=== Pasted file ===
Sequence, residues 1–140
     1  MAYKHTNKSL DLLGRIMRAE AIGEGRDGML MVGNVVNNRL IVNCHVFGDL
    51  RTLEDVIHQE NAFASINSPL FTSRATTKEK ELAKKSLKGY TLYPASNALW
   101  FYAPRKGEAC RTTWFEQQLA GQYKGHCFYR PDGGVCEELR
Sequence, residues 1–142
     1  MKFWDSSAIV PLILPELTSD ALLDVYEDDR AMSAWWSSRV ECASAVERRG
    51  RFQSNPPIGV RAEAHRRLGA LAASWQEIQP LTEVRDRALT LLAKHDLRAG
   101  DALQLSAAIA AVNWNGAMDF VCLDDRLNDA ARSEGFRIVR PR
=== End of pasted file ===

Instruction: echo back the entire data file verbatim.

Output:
Sequence, residues 1–140
     1  MAYKHTNKSL DLLGRIMRAE AIGEGRDGML MVGNVVNNRL IVNCHVFGDL
    51  RTLEDVIHQE NAFASINSPL FTSRATTKEK ELAKKSLKGY TLYPASNALW
   101  FYAPRKGEAC RTTWFEQQLA GQYKGHCFYR PDGGVCEELR
Sequence, residues 1–142
     1  MKFWDSSAIV PLILPELTSD ALLDVYEDDR AMSAWWSSRV ECASAVERRG
    51  RFQSNPPIGV RAEAHRRLGA LAASWQEIQP LTEVRDRALT LLAKHDLRAG
   101  DALQLSAAIA AVNWNGAMDF VCLDDRLNDA ARSEGFRIVR PR